Author: Darren Kleine, Blockworks
Translation: Felix, LianGuaiNews
In most parts of the world, privacy is generally considered a fundamental right. However, when it comes to cryptocurrency mixers like Tornado Cash, things become complicated.
On August 8, 2022, the Office of Foreign Assets Control (OFAC) of the U.S. Department of the Treasury announced sanctions against Tornado Cash, placing Tornado Cash on the Specially Designated Nationals and Blocked Persons List (SDN List). Its developer, Alexey Pertsev, was arrested and imprisoned, and the GitHub account of the founder, Roman Semenov, was deactivated.
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Unfortunately, on August 24, 2023, the U.S. Department of Justice charged Tornado Cash founder Roman Storm and Roman Semenov with conspiracy to launder money, violating sanctions, and operating an unlicensed money transmitting business. The indictment alleges that the two individuals were involved in creating, operating, and promoting Tornado Cash, facilitating money laundering transactions worth over $1 billion and laundering hundreds of millions of dollars for the sanctioned North Korean cybercrime organization Lazarus Group. Roman Storm was arrested in Washington state and has been released on bail; Roman Semenov is still at large and has been placed on the OFAC Special Watch List.
The key issue with the continuous sanctions against Tornado Cash by the U.S. government is that the founder allegedly continued to provide and develop the service despite knowing that it was being used for illegal purposes.
In an Empire podcast, Jason Yanowitz, co-founder of Blockworks, pointed out that although the U.S. government considers only 7% of all activities conducted through the service as illegal, the potential profits brought by the Tornado Cash token, TORN, may add another layer of responsibility to the founder. Perhaps the illegal activities taking place on the Tornado Cash platform are not as widespread as imagined, and the court will now start focusing on the profits because the Tornado Cash founder has a clear profit motive.
Holding Bad Actors or Developers Accountable?
Yanowitz believes that holding Tornado Cash accountable is a shame and points out that the nature of mixing technology is inherently “neutral” and platforms that provide assistance to bad actors should not be pursued. Bad actors should be pursued. This event is a replica of the Ross Ulbricht case (Note: Ross Ulbricht, the founder of the dark web marketplace Silk Road, was charged by U.S. authorities in 2015 with money laundering, computer hacking, conspiracy to distribute narcotics, and conspiracy to traffic counterfeit identity documents). Law enforcement “caught the wrong person” in that case.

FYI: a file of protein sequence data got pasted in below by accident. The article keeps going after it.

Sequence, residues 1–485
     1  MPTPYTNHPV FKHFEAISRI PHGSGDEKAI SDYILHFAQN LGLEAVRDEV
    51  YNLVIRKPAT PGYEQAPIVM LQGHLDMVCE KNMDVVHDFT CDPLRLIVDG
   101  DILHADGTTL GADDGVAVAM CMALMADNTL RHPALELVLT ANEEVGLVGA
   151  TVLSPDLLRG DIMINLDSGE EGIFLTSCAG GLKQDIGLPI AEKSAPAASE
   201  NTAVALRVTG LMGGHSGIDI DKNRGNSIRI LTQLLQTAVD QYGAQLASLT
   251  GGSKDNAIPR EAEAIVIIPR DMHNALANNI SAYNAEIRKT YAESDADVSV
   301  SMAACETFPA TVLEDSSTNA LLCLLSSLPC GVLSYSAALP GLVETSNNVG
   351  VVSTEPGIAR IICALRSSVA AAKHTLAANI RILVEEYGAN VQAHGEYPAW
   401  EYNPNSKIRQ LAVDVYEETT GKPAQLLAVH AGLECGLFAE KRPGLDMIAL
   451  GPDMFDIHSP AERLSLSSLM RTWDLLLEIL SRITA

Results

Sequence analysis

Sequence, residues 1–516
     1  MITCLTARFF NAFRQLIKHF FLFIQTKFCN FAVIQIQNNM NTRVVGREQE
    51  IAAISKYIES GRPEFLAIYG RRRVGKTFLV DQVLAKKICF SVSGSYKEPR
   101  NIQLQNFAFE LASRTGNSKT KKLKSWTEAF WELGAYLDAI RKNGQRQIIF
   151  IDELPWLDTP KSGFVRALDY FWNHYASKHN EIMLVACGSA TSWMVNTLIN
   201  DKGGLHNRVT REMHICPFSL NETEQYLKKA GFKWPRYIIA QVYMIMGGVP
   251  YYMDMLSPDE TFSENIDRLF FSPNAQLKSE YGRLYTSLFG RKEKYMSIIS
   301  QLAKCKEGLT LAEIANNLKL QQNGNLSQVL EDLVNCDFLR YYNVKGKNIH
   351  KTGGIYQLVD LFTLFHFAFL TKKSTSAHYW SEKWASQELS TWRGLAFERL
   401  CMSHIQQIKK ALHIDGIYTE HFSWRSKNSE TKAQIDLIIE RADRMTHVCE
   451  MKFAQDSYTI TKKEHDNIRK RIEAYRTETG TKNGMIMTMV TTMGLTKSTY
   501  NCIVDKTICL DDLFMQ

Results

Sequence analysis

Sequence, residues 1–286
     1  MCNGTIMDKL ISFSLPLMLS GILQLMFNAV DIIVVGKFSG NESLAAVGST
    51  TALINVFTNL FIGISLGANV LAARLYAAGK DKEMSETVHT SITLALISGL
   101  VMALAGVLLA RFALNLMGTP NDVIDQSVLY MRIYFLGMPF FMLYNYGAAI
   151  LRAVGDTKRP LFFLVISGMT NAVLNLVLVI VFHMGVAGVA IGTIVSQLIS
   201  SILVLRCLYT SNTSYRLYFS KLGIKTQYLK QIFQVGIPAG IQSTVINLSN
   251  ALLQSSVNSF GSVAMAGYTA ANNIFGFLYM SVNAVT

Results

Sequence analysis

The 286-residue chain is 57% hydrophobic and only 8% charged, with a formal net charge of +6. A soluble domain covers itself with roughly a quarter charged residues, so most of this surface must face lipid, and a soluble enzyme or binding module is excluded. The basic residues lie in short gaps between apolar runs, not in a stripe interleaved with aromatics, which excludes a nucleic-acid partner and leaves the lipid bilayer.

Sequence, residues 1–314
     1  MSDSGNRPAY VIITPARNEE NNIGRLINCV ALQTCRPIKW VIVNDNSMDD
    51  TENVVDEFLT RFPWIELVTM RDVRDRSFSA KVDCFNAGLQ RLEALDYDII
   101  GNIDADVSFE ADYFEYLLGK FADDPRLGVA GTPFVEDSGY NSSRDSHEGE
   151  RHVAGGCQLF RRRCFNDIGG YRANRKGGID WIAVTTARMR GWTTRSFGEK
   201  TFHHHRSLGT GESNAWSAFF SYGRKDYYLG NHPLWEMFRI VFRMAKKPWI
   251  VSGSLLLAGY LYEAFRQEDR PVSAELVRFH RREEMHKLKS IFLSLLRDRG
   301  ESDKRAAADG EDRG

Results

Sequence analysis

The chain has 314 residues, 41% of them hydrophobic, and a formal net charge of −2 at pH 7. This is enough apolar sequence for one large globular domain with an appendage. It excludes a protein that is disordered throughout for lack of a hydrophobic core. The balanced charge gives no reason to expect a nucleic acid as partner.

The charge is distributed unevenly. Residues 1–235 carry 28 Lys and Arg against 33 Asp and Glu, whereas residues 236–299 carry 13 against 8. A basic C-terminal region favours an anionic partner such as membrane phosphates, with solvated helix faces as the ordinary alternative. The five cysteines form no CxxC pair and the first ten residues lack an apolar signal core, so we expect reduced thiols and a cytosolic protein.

Co-host Santiago Santos adds that the subtle difference here is that the Tornado Cash developers partly destroyed the keys, and once the keys are destroyed, Tornado Cash will continue to exist. This means that developers cannot revoke the protocol anymore.
Santos states that this event is “very crucial for privacy.” Santos compares cryptocurrency mixing technology to messaging services and mentions a hypothetical scenario where if some illegal activity occurs, and the wrongdoers use a messaging service for communication. By the same logic, should developers be held responsible for the private communications of criminal activities? When does this endless pursuit stop?
Setting a “Terrible Precedent”
Regarding Tornado Cash, Santos pointed out that the biggest issue with this case is that Tornado Cash had allowed the enemies of the United States government (Lazarus Group) to use its service for money laundering.
Yanowitz stated that the lawsuit could “set a terrible precedent” and noted that these rulings could expand the scope of “fund transfers” and KYC AML (anti-money laundering), with laws involving KYC AML covering all non-custodial privacy tools. This could even include atomic swaps and decentralized trading platforms.
Regarding the scope of the term “fund transfers,” cryptocurrency advocacy organization Coin Center believes that the facts presented by the US Department of Justice do not demonstrate any obvious illegal activities related to fund transfers. In a commentary article, Coin Center’s Director of Research, Peter Van Valkenburgh, believes that the allegations in the indictment seem to contradict the guidance of the US Financial Crimes Enforcement Network. He believes that Tornado Cash only provides software for transferring funds, not the actual transfer of funds.
Yanowitz stated that non-custodial service providers must implement KYC AML without any precedents or legal incentives, which he finds absurd. If this case goes to court, it will have a very negative impact on DeFi.
The issue of this case can be summed up as “whether or not to trust that the technology itself is morally neutral and whether it is a good or bad thing.”
Yanowitz believes that the technology itself is morally neutral. It can be used for good or bad depending on the intentions and actions of those who create and use it. The responsibility lies with those who choose to use technology unethically.
How this issue will be characterized and whether Tornado Cash can completely overcome regulatory challenges remains to be seen.
Related reading: Understanding the Background of US Treasury Sanctions on Tornado Cash